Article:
New York's medical marijuana program is due to launch next month, but the question of when all qualifying patients — roughly 500,000, or one in forty residents across the state — will be able to purchase cannabis still has advocates concerned. While the patients themselves are ready, most doctors, it turns out, are not.
The steps to getting a medical marijuana card in New York are fairly straightforward, but the timeline to execute them is contingent on whether doctors themselves are already trained to recommend cannabis to qualified patients. "People would love to start getting their recommendations, but the challenge is that the [doctors] educational course was just released," says Melissa Meyer, founder of the patient education company Health MJ. "Patients are ready but have to be able to get doctors on board," she says.
Before anything else, patients must first determine if they qualify under the Compassionate Care Act, which covers just ten "severe, debilitating, or life-threatening" conditions: epilepsy, cancer, AIDS/HIV, Parkinson's, ALS, multiple sclerosis, spinal cord damage, inflammatory bowel disease, neuropathies, and Huntington's. Next, patients must get a recommendation from the doctor who treats them for their qualifying illness. Doctors cannot "prescribe" medical marijuana, but only "recommend" it, because under the federal Controlled Substances Act cannabis is devoid of any medical uses. In order to recommend cannabis, doctors must complete a four-hour training course and be accredited by the state.
Once they receive a recommendation, patients can apply for the $50 medical marijuana card from the Department of Health. From there, patients or their caregivers must wait for the medicine to become available before they can pick out what strain of cannabis, or "brand," they need to treat their condition. Patients can buy up to one month's supply at a time. So far, none of the five companies licensed to grow and dispense medical marijuana in New York have announced which brands they will produce.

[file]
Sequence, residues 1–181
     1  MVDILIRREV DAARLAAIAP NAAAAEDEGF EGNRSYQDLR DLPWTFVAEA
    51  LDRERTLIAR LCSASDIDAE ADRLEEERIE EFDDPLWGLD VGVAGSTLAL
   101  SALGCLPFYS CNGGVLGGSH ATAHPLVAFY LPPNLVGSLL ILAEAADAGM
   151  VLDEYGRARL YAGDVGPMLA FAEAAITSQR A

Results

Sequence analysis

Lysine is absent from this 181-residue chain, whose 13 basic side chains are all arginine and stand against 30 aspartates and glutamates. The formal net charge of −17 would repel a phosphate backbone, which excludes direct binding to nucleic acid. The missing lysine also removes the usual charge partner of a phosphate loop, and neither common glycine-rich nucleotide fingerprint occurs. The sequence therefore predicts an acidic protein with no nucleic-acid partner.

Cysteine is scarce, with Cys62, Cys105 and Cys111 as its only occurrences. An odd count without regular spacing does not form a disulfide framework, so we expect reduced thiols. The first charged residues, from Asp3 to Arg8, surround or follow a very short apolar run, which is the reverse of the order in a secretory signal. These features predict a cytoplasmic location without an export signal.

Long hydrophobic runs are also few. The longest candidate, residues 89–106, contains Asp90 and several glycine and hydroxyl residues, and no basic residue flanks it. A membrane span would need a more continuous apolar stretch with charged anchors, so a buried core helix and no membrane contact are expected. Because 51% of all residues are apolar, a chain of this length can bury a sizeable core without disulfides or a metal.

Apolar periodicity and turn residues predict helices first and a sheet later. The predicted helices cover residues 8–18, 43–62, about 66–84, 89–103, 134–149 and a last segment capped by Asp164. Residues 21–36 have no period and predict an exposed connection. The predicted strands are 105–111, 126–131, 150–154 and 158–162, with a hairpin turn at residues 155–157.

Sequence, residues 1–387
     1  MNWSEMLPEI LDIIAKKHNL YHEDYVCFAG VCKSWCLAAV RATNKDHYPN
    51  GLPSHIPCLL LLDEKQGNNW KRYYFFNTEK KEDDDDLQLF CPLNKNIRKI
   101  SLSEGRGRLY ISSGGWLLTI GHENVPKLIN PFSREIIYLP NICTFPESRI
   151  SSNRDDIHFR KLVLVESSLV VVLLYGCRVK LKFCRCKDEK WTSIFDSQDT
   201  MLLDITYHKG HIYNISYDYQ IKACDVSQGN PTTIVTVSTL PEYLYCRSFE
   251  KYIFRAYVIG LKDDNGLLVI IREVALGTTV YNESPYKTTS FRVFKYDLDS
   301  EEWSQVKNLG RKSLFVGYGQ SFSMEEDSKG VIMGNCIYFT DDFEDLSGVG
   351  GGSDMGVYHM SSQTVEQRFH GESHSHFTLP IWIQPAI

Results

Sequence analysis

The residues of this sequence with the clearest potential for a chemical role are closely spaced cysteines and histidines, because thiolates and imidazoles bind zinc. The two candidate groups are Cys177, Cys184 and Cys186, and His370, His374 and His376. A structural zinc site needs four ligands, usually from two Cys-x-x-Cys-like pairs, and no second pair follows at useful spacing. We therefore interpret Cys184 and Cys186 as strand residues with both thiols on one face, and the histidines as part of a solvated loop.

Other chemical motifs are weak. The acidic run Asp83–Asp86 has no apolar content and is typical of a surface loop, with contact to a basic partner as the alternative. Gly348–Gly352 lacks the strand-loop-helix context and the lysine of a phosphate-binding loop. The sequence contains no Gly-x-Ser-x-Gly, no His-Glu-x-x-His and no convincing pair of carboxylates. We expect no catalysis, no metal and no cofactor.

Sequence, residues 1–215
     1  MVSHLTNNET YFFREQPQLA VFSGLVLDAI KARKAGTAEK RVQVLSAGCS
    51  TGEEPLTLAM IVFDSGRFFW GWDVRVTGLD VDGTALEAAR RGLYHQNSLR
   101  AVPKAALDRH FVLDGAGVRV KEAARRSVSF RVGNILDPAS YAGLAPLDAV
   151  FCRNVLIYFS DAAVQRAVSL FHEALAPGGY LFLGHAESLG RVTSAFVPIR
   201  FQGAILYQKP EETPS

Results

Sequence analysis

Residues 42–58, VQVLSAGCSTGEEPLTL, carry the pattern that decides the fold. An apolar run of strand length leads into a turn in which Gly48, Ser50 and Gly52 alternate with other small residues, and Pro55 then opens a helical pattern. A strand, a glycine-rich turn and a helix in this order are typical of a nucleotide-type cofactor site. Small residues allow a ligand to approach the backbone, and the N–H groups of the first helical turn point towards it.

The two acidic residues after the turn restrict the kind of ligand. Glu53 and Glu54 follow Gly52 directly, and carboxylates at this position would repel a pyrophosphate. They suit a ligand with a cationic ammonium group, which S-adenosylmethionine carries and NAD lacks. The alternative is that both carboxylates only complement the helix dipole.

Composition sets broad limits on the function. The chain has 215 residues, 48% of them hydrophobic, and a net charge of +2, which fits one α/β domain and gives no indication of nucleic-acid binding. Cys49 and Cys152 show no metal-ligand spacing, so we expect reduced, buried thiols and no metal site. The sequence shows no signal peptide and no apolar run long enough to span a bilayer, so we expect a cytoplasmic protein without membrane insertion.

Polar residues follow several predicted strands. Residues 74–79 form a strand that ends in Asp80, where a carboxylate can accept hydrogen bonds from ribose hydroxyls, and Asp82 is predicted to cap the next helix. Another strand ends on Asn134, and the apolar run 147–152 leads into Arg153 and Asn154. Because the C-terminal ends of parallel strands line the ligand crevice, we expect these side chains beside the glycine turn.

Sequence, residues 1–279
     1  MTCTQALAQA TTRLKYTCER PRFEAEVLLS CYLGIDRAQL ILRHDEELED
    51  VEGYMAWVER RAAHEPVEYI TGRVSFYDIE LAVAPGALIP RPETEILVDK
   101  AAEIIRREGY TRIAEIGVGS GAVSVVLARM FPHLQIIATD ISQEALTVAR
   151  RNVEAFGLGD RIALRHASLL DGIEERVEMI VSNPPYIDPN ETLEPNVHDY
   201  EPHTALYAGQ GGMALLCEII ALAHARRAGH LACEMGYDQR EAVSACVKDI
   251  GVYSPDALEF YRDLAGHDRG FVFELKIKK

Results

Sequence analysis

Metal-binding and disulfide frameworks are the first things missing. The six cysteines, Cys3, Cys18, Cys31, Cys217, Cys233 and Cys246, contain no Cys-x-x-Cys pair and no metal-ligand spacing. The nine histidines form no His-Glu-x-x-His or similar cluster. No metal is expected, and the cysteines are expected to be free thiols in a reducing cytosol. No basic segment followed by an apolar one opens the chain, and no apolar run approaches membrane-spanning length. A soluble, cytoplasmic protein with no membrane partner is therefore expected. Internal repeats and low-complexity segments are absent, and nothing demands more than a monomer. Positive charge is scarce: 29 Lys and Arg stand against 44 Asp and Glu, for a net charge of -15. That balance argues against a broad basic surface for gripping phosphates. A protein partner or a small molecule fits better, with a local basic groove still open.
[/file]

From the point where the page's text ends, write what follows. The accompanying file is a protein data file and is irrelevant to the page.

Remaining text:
Some patients are still trying to figure out which doctors have taken the course or are willing to recommend medical marijuana. "There's no information yet for us, that's part of the issue," says Maryanne Houser, whose daughter Amanda suffers from epilepsy and would need a type of cannabis high in cannabidiol, or CBD — a non-psychotropic compound known to treat seizures.
The fact that neither doctors nor patients know what kind of cannabis will be available in dispensaries is another obstacle, says Meyer. The doctors training course might help doctors feel more generally comfortable recommending cannabis, she says, but they may not yet feel empowered to recommend specific brands to patients. Meyer says the onus will likely be on those behind the dispensary counter to educate the patients.
Dr. Amy Piperato, who practices internal medicine in Rockland County, took the requisite course for "personal benefit," though her patients' conditions are currently not covered under the Compassionate Care Act. But she says that for many doctors, medical marijuana is not even on their radar as a reasonable treatment choice. "There's going to be more advocacy from patients asking their doctors if they are comfortable," she says. "It must be a lack of exposure and education. New York as a state is so far behind."
Moreover, doctors who work with hospitals that receive federal funding may face an added level of resistance because marijuana is an illegal Schedule I substance, in the same category as heroin. "I can prescribe opiates and benzodiazepines, which are more addictive. Nobody is checking the diagnoses for using these medications," says Piperato. "But the level of caution for recommending cannabis is so above and beyond."
Dr. Stephen Corn, founder of the Answer Page, the medical education website that provides New York's physician training course, says despite plenty of doctors having signed up for or completed the training, most knew so little about medical marijuana that they still understand woefully little about how it can be used to treat patients. "The barrier for doctors recommending medical marijuana is the lack of formal education on medical marijuana," he says. "Doctors, pharmacists, and other healthcare providers want to provide the best care for their patients, but they do not want to do so blindly, with no education — for ethical, moral, and also legal reasons.
"Whether or not they plan on recommending medical marijuana, their patients will be asking about it and utilizing it. One way or the other, if they're gonna stay as expert guidance for their patients, they should get this education."
By Madison Margolin - The Village Voice/Dec. 10, 2015
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